On Saturday morning, the Obama transition team released a memo outlining its calculations about the economic recovery package. The memo's authors are Christina Romer, who will chair the new president's council of economic advisers, and Jared Bernstein, who will be chief economic advisor to Vice President Biden.

The report suggests the package President-elect Obama has sketched out would create three to four million new jobs by the end of 2010. It reaffirms the belief that, dollar for dollar, public investment generates more jobs than either tax cuts or direct assistance to the states; but it also states that, in effect, the team ran out of good, shovel-ready projects to fund. In the absence of such alterantives, the report says, it makes sense to pour money into tax cuts and state fiscal relief, as well.

And, in a direct rebuff to conservatives complaining that the package would fatten the rolls of government employees, the report suggests that nine out of every ten new jobs will be in the private sector. 

To illustrate the effects of the package, the report includes this chart: 

The chart's purpose, among other things, is to demonstrate how bad things get if the economy is left to its own devices. But is it the correct number? Paul Krugman doesn't think so. All week long, he's been warning--based on his own calculations--that the economic crisis is much worse than Obama and his advisers seem to grasp. As a result, he says, they're not providing enough economic stimulus.

The new paper, Krugman writes today, only confirms this:

...the estimate of what would happen to the economy in the absence of a stimulus plan seems kind of optimistic. The chart above has unemployment ex-stimulus peaking at 9 percent in the first quarter of 2010 and coming down through the year; the CBO estimates an average unemployment rate of 9 percent for 2010, so the Obama people are more optimistic than the CBO, and a lot more optimistic than I am.

Bottom line: even if I use the Romer-Bernstein estimates instead of my own--there really isn’t much difference--this plan looks too weak.

Krugman isn't the only one thinking along these lines. Via an email to friends, University of Texas-Austin economist James K. Galbraith seems even more concerned:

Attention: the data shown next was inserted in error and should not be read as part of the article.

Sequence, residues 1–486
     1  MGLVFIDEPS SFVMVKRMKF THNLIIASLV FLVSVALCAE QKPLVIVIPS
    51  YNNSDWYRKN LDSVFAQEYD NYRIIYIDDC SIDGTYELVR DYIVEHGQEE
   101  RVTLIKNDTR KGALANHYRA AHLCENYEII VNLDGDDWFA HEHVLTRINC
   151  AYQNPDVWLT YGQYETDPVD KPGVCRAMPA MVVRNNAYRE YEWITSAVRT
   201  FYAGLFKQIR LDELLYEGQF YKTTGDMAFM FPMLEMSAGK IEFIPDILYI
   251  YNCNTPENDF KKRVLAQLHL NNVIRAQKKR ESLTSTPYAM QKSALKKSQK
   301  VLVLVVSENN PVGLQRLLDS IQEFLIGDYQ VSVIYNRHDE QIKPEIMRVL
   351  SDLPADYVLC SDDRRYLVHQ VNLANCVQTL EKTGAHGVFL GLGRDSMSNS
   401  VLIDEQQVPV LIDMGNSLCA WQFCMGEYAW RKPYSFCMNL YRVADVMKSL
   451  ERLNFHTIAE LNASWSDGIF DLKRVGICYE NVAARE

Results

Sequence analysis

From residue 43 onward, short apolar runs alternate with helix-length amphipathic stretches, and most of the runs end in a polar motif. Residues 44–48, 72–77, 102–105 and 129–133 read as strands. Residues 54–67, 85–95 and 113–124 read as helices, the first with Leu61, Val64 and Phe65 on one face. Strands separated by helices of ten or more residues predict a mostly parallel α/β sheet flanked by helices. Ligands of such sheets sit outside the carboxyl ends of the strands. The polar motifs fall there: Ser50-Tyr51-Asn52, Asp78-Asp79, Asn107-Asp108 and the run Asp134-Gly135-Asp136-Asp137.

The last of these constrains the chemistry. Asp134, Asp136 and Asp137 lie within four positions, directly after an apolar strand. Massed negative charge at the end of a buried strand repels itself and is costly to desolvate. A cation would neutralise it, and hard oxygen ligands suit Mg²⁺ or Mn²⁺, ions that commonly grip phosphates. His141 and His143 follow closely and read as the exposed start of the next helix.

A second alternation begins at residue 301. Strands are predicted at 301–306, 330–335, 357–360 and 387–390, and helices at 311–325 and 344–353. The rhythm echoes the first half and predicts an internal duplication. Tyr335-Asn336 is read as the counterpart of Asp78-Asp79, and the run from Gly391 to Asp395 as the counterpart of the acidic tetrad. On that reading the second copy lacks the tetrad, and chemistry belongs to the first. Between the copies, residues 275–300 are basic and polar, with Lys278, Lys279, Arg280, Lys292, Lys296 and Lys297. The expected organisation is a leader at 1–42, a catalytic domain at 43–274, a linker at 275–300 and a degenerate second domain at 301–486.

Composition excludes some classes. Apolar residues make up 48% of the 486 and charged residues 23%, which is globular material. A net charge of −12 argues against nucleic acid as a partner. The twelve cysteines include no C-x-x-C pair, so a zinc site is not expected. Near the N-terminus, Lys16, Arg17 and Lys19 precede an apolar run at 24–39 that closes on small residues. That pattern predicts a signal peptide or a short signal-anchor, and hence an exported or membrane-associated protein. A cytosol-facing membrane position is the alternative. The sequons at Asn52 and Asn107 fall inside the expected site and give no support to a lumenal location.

The key point in this jumps out of the figure that Paul posted.

How do we know that unemployment would peak at 9 percent in the absence of any action? We don't. It's a guess. Essentially, it's a guess made by a technician with a computer.

True, the figure is well within the range of modern historical experience: The peak in October 1982 was near eleven percent (though with a more honest count of the unemployed). 

But if you believe that we are in an historic crisis, then the conventional methods of forecasting--playing the averages from the postwar statistical record--are inappropriate. Honest, but inappropriate.

For my part, when I compare this situation to 1929, I'm not making a rhetorical point, or exaggerating for flair. It's what I think. It's
what the specialists I talk to think.  And have thought, since at least early last summer, long before the crisis took over the campaign.

What is happening here, is the application of routine post-war econometric modeling and budget procedures to the present situation.

If we are in a crisis, and out-of-the-postwar range, then the routine methods are going to be radically wrong.  Not just off by 0.3 percent. Off by a great deal, and for much longer.

This, in turn, tracks closely with what my colleague John Judis wrote this week.

To sum up, the big question here isn't really about what the stimulus package will do.* As best as I can tell--and I'm sure I'll hear quickly if I'm wrong--the Obama team, Krugman, and Galbraith all think it will have roughly the same effects.

The question is whether the package is sufficient to address the present crisis. Krugman and Galbraith clearly think it isn't

Oh, one final note. The introduction contains this intriguing passage:

Our analysis will surely evolve as we and other economists work further on this topic. The results will also change as the actual package parameters are determined in cooperation with the Congress. Nevertheless, this report suggests a methodology for ensuring that the package contains enough stimulus that we can have confidence that it will create sufficient jobs to meet the President-Elect’s goals.

I may be insufficiently sophisticated in the ways of telegraphing political intentions, but that certainly suggests to me that Obama and his advisers are not closing the door on adding yet more government spending--either in this package or later on, as part of a separate legislative initiative.

Keep in mind that, in a Washington Post op-ed last month, Lawrence Summers, who will be the administration's top economic adviser, wrote that "in this crisis, doing too little poses a greater threat than doing too much." We'll see if that mentality pushes the final stimulus levels even higher, one way or another.

--Jonathan Cohn 

*To be clear, there's broad agreement among liberal economists that, overall, spending increases have more impact than tax cuts. Conservatives tend to express different views. Here, for example, is Harvard's Greg Mankiw--whose work and opinion I respect--suggesting tax cuts give more bang for the buck than public spending, contrary to conventional wisdom on the left.